How To Apply For Drama School - iampro
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How To Apply For Drama School

The acting and performance industry can sometimes seem daunting and confusing, with lots of conflicting advice and information available online.

Here at iampro we spoke to expert Richard Neale who trained at the Bristol Old Vic Theatre School for his top tips for any aspiring actors and actresses applying to drama school. Using Richard’s tips and our own, we have created this blog to make it all a bit easier for you. Richard is now on the audition panel for Guildford School of Acting, Drama Centre and ArtsEd.

1. Learn your script

This may sound like an obvious one, but it is incredibly important. Everything you present in the audition room should be learnt and not read out. Ensure that you have practised your lines thoroughly in the days and weeks up to your audition. Even with self-tapes that you can record yourself in private, it is vital that you know your text well. 

Knowing your script well will help you to bring your best performance, where you are able to concentrate on the delivery of the words and the expression of your character, without worrying about which one is next. If you do forget your words, make sure that you take the time to re-centre and even ask to start your performance again. Only begin again once you have completely calmed down and are confident that you can deliver your speech once again. 

2. There is no tick-box

There are no set boxes that you have to tick before wanting to become an actor or that make you have more of a chance at making it through an audition compared to someone else. It is all about what happens in the audition room on that specific day, in that specific moment. 

The panel often does not know what they are looking for before they see it, and for that reason, you should go into your audition with confidence and self-belief – you have just the same chance as the next person. This furthers how the quality of your speech and the way you prepare for it are just as important as performing it. All you can do is strive to share your very best work with the panel on the day. 

3. The panel are on your side

It can be daunting entering an audition room with all eyes on you but know that the panel is always on your side. They want you to give your best performance so that they can judge you fairly and not miss out on a potentially really great actor or actress. The audition panel is not judging you and are definitely not trying to catch you out. They are there to ensure you are comfortable and get the most out of you as possible. 

4. Speak in your own voice

It is really important that your own, authentic voice is used in your audition. This gives the audition panel the truest representation of you. It can be tempting to put on a drastically different voice to fit in with a certain character you are trying to portray, but it is vital that your own voice always shines through. 

5. Make your performance your own

Be yourself! Make sure that you bring your true self to the audition day. Whoever you are or however much or little experience you may have, make sure that the panel gets to know the real you. This is what they really want. 

6. Don’t be put off by redirection

Sometimes the audition panel may ask you to read your speech in a different way, or try a new technique whilst performing. This should not be taken as a negative but should be seen as a great opportunity to show off more skills and a side to your acting that the professionals will love.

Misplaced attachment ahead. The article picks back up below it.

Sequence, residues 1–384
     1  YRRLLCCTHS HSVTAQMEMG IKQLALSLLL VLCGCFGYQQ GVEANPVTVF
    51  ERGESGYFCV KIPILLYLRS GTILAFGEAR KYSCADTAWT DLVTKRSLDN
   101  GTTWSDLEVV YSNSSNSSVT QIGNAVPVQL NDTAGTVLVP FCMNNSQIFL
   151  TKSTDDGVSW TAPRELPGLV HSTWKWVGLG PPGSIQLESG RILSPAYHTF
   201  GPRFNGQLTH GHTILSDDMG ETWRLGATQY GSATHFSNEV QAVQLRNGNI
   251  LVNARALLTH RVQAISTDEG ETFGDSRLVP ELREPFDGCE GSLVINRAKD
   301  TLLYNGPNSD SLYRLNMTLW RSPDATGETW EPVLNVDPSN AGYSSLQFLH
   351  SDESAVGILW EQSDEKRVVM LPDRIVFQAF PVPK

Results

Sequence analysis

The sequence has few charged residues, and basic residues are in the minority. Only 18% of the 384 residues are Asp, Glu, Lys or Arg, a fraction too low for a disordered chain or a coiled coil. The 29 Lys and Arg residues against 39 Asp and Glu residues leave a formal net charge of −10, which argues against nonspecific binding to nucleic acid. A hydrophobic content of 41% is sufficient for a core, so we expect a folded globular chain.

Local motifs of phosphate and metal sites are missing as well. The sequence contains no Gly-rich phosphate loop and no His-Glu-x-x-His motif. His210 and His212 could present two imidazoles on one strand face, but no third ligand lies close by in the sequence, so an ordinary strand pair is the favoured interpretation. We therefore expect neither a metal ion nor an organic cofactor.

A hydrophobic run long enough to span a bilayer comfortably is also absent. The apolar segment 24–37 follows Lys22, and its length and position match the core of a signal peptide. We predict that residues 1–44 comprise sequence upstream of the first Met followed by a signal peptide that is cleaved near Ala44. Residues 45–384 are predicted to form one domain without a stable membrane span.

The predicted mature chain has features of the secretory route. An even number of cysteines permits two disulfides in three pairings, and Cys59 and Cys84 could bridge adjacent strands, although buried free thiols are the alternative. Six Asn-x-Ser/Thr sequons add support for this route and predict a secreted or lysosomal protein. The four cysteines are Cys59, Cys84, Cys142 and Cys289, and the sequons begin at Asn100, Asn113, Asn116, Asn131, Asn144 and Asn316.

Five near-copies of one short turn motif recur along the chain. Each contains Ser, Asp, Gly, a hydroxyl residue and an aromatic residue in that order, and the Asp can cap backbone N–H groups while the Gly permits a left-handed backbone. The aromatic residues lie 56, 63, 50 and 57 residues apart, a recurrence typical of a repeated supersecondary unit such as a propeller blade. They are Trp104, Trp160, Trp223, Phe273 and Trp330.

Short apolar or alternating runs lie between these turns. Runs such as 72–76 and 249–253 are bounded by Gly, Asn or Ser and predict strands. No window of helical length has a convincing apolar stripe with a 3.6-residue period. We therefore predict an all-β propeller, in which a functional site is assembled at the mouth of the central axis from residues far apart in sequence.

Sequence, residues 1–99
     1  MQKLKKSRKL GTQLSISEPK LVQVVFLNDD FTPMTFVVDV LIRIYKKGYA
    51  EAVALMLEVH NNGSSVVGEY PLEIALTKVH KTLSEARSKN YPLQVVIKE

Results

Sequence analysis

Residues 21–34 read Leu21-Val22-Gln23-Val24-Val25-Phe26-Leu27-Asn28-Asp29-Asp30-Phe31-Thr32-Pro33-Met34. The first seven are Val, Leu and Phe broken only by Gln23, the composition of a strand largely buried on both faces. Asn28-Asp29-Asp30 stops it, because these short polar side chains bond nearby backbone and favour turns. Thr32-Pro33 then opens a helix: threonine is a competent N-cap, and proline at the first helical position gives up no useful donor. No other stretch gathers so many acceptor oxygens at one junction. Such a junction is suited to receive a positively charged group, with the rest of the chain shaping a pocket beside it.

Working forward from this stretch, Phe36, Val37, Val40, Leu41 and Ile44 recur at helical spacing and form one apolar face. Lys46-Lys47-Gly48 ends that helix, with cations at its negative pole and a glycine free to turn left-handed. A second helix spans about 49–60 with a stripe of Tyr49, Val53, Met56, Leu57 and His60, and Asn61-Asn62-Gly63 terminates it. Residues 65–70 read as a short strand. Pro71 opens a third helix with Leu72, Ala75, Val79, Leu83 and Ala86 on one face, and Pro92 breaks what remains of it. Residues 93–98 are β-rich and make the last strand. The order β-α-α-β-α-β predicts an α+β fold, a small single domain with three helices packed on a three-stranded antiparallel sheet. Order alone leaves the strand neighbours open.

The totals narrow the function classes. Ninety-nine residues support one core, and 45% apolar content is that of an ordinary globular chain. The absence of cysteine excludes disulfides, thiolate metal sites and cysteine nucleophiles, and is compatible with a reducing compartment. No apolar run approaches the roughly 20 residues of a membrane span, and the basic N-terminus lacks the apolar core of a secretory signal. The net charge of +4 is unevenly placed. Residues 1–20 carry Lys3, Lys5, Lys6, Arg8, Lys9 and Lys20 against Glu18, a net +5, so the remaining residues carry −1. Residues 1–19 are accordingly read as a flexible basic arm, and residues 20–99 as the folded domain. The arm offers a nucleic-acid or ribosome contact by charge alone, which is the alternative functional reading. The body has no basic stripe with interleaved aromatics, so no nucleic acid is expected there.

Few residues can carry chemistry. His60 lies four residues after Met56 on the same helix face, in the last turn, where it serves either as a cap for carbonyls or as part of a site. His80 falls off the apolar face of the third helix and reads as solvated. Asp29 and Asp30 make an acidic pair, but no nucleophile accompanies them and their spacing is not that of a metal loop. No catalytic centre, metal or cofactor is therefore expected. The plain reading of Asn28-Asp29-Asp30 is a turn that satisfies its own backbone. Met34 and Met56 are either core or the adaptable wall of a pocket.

7. Make sure the school is right for you

Your audition should be a two-way transaction. When visiting the school or acting agency make sure that you are thoroughly checking out the people, building and teaching facilities there. You want to make sure that, if successful, you will feel happy and supported when learning and performing. After all, this could be a huge step in your career and therefore isn’t something that you should take lightly. 

As much as the audition is for the school to assess you and your acting ability, it is also for you to interact with the people who may be teaching you and those you may be learning alongside. Be friendly, personable and open. Do not be afraid to ask questions! 

8. All in it together

Regardless of how other people present at an audition day, remember that you are all there for the same reason. Try not to spend your time worrying about how confident other people seem or whether they are practising different warm-up techniques to you as, ultimately, this is a decision that lies with the audition panel. You are all going through the same process and there is no one correct way of doing it. 

9. Make the most of the moment

Ultimately, the audition is all that matters. The panel does not judge you outside of the audition room, where last-minute anxiety may be kicking in, but instead observes you in the moment of your performance that you have worked so hard to perfect. You can control some aspects of your audition day, such as how much preparation you have put in and whether you have eaten a good breakfast beforehand, but there are some things that you can’t. The outcome of your audition is out of your control, so you should be proud of whatever happens. 

10. It is YOUR space

Enjoy it! Take pride in your performance and relish the opportunity you are being given to express yourself. Ultimately, your audition is a chance for you to take up space and show the panel what you have been working on over the past few days and weeks. 

Watch Richard’s video

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